An online resource based on the award-winning nature guide

Shorebirds Migrating Through New England

5-15-14 greater yellowlegs 286Many of the shorebirds that overwinter in Central and South America, as well as southern North America, migrate through New England during the month of May, on their way north to their Canadian breeding grounds. Although Greater Yellowlegs (pictured) are more solitary than most shorebirds, they tend to migrate in small flocks as they head for the bogs and coniferous forests of northern Canada and southern Alaska. They are recognizable by their upright stance, bright yellow legs and piercing alarm calls (nicknames include “telltale,” “tattler,” and “yelper”). During the early 20th century, before they were protected, Greater Yellowlegs were considered an important game bird, and according to Arthur C. Bent, an ornithologist at the time, this species was often shot “by an angry gunner as a reward for its exasperating loquacity.”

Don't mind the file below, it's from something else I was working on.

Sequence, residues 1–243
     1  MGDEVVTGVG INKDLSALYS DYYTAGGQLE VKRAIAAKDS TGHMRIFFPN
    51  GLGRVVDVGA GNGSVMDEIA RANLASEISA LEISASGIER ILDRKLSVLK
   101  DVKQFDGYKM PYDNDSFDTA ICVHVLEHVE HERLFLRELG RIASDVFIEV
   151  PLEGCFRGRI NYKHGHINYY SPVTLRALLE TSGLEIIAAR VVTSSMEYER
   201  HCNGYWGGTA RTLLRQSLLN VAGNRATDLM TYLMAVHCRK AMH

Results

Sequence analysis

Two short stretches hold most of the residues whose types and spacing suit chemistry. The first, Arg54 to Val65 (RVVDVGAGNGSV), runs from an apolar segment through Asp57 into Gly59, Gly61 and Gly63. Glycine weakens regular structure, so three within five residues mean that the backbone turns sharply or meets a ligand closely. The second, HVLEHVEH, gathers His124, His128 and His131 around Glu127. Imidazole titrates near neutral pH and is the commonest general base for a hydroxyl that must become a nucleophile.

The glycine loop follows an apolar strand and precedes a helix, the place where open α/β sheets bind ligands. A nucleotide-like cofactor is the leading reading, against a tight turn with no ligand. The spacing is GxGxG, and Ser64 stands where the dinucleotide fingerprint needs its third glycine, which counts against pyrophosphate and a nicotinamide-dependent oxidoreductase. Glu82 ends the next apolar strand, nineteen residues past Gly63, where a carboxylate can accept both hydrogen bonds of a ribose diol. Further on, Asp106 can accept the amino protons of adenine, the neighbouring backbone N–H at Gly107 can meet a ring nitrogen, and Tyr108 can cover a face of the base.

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One response

  1. In so many ways, I am glad times have changed! Prior to Boomers, it was common to shoot everything that moved. It is amazing that more species didn’t go extinct. Now we have pollution to worry about. So I rejoice in every migrant that shows up and bless them to go forth and multiply! 🙂

    May 15, 2014 at 6:20 pm

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